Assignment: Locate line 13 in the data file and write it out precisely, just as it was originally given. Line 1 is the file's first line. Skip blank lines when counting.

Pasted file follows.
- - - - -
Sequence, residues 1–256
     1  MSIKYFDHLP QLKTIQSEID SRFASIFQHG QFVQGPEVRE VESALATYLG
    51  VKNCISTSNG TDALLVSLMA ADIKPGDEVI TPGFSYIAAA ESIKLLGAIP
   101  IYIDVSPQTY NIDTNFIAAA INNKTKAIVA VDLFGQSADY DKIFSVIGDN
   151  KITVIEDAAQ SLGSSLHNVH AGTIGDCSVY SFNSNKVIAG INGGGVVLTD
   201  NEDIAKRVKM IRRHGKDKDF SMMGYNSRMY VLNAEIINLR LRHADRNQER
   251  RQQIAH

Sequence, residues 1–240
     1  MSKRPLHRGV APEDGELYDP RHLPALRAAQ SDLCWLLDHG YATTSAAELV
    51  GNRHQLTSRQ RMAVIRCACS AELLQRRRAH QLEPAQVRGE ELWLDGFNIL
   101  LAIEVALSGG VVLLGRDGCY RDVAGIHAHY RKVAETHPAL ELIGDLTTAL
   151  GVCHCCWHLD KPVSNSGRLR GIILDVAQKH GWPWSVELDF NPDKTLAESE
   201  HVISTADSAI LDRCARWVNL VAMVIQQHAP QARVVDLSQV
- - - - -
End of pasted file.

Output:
   201  HVISTADSAI LDRCARWVNL VAMVIQQHAP QARVVDLSQV